Pink lake of the salt fields of Aigues Mortes

Just beyond the walled-city of Aigues-Mortes, the Salin d’Aigues-Mortes on the Camargue are the salt fields that are thought to be the largest around the Mediterranean sea.

It is run by a private company producing the fleur de sel de camargue, and vehicles are not allowed inside the fields. For a fee, there is a small train you can take inside, or visit on foot. (You can also ride a bike, but you must bring your own bike.)

5. Enjoy local food and drinks

The unique nature of the Camargue, located near the border between France and Spain, means that there is a lot of local foods and drinks that are unique to this area. If you are looking for souvenirs to take back home from Provence and the Camargue, you will be spoilt for choice.

Camargue Regional Park: Travel guide (France) 1

There are several items that are very popular with tourists and locals alike:

  • Fleur de sel de camargue – Salt
  • Riz de camargue – Rice
  • Savon de lavande – Lavender soap
  • Confit de fleur de violette – a type of jam made from violet flowers
  • Miel de fleurs – honey made from flowers
  • Vin des sables de camargue – wine
  • Liqueur La Camarguaise – a digestif liquer
  • Bière des gardiens – a beer made from rice from the Camargue
  • Caramel sel de camargue – salty caramels.

In addition, be sure to try the fougasse d’Aigues Mortes which is a type of French bread. The traditional one from Provence is usually topped with crushed olives, cheese, garlic or anchovies.

However, the sugary fougasse d’Aigues-Mortes is more of a sweet snack served at Christmas, placed among the 13 desserts of Provence. You can read about more souvenirs from France here.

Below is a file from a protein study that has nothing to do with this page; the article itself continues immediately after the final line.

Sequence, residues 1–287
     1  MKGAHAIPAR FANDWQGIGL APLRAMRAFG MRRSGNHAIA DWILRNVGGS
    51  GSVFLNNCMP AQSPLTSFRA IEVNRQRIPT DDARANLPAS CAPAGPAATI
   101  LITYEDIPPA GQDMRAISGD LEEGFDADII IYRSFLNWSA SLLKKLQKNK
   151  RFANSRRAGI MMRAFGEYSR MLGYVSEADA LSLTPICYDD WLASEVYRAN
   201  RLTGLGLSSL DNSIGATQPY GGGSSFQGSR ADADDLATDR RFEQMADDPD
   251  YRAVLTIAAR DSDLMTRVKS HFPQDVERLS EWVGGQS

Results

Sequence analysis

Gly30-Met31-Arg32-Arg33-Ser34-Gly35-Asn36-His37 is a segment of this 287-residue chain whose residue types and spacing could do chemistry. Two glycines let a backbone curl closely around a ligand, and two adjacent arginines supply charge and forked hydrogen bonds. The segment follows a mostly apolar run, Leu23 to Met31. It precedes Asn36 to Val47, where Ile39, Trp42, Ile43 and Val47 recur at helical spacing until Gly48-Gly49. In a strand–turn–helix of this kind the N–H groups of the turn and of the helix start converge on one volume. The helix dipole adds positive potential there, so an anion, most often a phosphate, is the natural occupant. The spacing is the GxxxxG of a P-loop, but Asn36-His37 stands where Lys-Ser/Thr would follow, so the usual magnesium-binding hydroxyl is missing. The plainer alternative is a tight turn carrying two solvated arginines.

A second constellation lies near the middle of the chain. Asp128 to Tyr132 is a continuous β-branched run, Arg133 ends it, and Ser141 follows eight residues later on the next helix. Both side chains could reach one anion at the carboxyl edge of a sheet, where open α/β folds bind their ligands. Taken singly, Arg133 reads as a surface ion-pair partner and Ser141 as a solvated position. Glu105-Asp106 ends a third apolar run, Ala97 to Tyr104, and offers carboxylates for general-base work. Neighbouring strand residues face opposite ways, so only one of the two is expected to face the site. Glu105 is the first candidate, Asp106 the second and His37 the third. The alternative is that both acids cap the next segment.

6. Visit the three Mary’s

The village of Saintes-Maries-de-la-Mer is based on a legend. As the story goes, it is believed that it is here that is Mary Magdalene, her sister Martha, brother Lazarus, Maximinus, as well as Marie Salomé and Marie de Cléophas all landed after leaving the Holy Land.

The town became known as the town of the 3 Marys and the location became known as “Our Lady of the Boat” (“Nôtre-Dame-de-Ratis“).

There are celebrations it holds for each Mary’s feast, in May and October. The biggest annual festival is on May 24-25th for Mary’s servant Sarah, who also considered a revered saint and is widely celebrated by Roma Catholics.

Golden bust of Saint Martha at Tarascon
Golden bust of Saint Martha at Tarascon

If you have some time, you can also visit Tarascon which is about 32 miles (50km) away, and it is here that Sainte Martha, the sister of Mary Magdalene is believed to have lived, after leaving Saintes-Maries-de-la-Mer. A church containing several religious relics reputed to be from her, can be found in Tarascon.

How to get there?

The Camargue is in the south east corner of France, near the French-Spanish border. The closest international airport is in Marseille, from where it takes 50 minutes to get near the Camargue, to Arles or Aigues-Mortes by car.

If you don’t wish to drive, you can also take a tour to the Camargue leaving from Marseille, Avignon, Aigues-Mortes, or Arles.

When is the best time to visit?

The Festival of Camargue is usually held in the middle of May and is a great time to visit. As I mentioned above, if you want to watch some of the toro festivities, you will want visit the Camargue during September or April to celebrate the Feria de Riz.

It does get quite hot and crowded in the summer months, so you may want to avoid visiting in full heat of July and August.

Where to stay?

I would recommend staying in Arles, which is the biggest town near the Camargue and has a thriving center with plenty of hotels and restaurants. It also makes a great base to travel around to the historic Pont du Gard and other nearby cities like Nimes, Montpellier, Avignon, Sète, Uzès, Toulouse, Martigues, Carcassone, etc.

Some recommended hotels in Arles are:


If you enjoyed that article, you may like to read more about traveling around the Occitanie. A bientôt!